9-year-old’s lemonade stand raises nearly $4,000 for Detroit

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Joshua Smith sells a lemonade and popcorn to raise money for Detroit

Joshua Smith sells a lemonade and popcorn to raise money for Detroit

DETROIT – Days after his internationally-known lemonade stand closed, 9-year-old Joshua Smith’s idea to help cash-strapped Detroit netted close to $4,000 in sales and donations. After being hailed as a “hero” by the Detroit City Council and commended by Mayor Dave Bing, Smith and his family are grateful for the generosity of others in helping to more than triple his goal.

“It’s close $3,600,” Flynn Smith, Joshua’s father, said. After the sale ended last week, people continued to send cards and money through a PayPal account set up by the family.

“People had us another $70 at church on Sunday,” Smith said. “Cards still came in the mail with money in them. I think yesterday was the first time that at the end of the day, there was no money coming in on PayPal, so that’s tapering off. But that’s cool, because I’m starting to wonder, when does it end.”

If the last week was any indication, the end may not come for a few more days, as the story of Joshua’s lemonade stand continues to draw interest from around the world. On Tuesday, Smith appeared before the Detroit City Council and was presented with a “Spirit of Detroit” award.

“I’m a believer (in Detroit) and here’s a young man at 9 years old who also believes,” said Detroit Mayor Dave Bing. “I think that bodes very well for the future of the city because when you can get your children to get engaged; to understand the depth of the problem you have and say that ‘I’m not just going to sit on the sidelines’ either.”

“I think it will permeate throughout our city,” Bing said of the spirit of Joshua’s fundraiser. “I hope that does happen. We don’t want a lot of kids doing what he’s done necessarily, but we want them to feel engaged.”

Last Friday, the Rosa Parks Scholarship Foundation announced that it would award Joshua a $2,000 scholarship when he graduates high school – as long as he graduates with at least a 2.5 grade point average. The foundation normally awards scholarships only to high school graduates.

“Special consideration for a scholarship was given to Joshua because at such a young age, he is an enterprising, civic-minded young man who shares Mrs. Parks’ spirit of service and commitment to building a brighter future in his community,” Delora Tyler, the foundation president, told the Detroit Free Press. “We look forward to fostering our relationship with him as he completes his education and becomes our leader of tomorrow.”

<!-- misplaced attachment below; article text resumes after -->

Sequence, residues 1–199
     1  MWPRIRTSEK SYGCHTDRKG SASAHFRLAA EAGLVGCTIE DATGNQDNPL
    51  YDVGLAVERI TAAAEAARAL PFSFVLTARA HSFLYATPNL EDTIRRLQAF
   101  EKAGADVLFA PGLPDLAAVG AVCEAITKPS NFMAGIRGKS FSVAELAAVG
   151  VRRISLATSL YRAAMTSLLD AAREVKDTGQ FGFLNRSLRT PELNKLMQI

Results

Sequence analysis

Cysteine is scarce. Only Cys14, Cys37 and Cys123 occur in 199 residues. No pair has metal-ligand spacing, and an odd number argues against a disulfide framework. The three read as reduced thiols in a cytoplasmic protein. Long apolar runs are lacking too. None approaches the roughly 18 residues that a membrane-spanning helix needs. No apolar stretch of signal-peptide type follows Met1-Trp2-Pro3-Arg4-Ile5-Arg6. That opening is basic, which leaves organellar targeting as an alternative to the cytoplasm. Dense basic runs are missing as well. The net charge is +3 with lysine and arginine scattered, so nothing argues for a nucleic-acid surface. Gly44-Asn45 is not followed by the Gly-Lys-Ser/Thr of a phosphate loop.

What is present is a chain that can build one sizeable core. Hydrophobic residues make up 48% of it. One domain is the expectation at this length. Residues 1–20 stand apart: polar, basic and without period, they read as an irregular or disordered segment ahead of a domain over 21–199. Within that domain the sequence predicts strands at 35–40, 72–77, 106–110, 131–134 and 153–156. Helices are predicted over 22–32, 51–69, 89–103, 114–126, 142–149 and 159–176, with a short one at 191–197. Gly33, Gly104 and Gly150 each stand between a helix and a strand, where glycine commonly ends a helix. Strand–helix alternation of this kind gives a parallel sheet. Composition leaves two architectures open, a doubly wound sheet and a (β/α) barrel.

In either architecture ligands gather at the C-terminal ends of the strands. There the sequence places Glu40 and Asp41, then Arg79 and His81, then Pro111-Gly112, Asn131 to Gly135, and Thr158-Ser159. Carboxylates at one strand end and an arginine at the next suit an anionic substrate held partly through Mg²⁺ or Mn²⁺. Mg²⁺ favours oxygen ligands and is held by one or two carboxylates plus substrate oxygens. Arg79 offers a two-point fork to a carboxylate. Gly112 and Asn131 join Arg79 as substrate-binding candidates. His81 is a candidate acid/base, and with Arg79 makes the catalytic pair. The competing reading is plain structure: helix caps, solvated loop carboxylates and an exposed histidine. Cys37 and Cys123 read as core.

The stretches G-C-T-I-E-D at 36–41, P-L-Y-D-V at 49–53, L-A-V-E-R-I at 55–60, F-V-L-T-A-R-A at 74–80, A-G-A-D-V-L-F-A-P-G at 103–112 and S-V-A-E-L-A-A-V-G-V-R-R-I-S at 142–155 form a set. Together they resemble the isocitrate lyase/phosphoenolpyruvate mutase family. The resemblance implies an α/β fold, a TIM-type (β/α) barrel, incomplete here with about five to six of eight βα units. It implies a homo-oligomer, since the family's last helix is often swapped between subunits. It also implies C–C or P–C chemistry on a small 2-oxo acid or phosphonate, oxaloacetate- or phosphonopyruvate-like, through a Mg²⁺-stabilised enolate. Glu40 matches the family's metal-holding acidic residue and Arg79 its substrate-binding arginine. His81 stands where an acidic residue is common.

Joshua’s mother, Rhonda Smith, played a big role in getting the initial word out about her son’s lemonade stand, using her blog as well as her Facebook page and Twitter feed to promote it. She had no idea it would go viral.

“I couldn’t imagine it at all,” Mrs. Smith said. “I told someone that the greatest lesson that I see, even though there are several lessons on so many levels for all of us, is the power of prayer. I think a lot of times we discount that because of social media and we spread the word. But God has to inspire people to (donate).”

“I could never have imagined this,” she added. “But here’s one young man who decided that he wanted to pray about the conditions in our city and he had this spark of an idea. I really believe that it’s the Lord that gave him the idea.”

There were risks involved in Joshua’s venture, including that someone would attempt to rob him or his family. Rhonda Smith said every precaution was taken to make sure that the money was not out in the open and that Joshua was never alone.

“People are shady, flat out,” Rhonda Smith said, adding that business have approached them about their son endorsing products. “People were saying that he might get stuck up during the sale. It’s Detroit. Any urban area where its people are struggling, you have to be cautious about what you’re doing. We recognized that people have tried to exploit him.”

“We’ve had several offers that we’ve had to turn down from people trying to give Josh things and it just didn’t feel right,” Mrs. Smith added. “He wanted to do this for his city. He didn’t want to do it for fame or fortune.”

Joshua’s father said that he never left too much money out in the open and intentionally kept the stand away from the sidewalk. He also made daily deposits to keep large quantities of money out of the house.

“My wife and I had a gentleman who wanted us to come set up the popcorn stand on the lot of his business,” Mr. Smith said. “We didn’t even negotiate that one. If you want to hire Josh, you’re welcome to hire me too. We just didn’t want anything to detract from the purity of it.”

The rest of the money the Smiths have received will be donated to the city later in the week. The family hopes that they have helped inspire others, regardless of their age, to follow their heart in terms of giving back.

“One man can make a difference,” Flynn Smith said. “If you’ve learned nothing from Biblical history, God used 12 guys to turn the world over. For Joshua, what my hope is for him is that he’ll never forget that God used one little boy to make a difference.”

“We’ve gotten phone calls from people who said ‘I don’t have no hope and I saw your son do this, and now I have hope,’” said Mr. Smith. “That’s priceless. How much would you pay for the restoration of hope in someone’s life?”

Follow Jay Scott Smith on Twitter: @JayScottSmith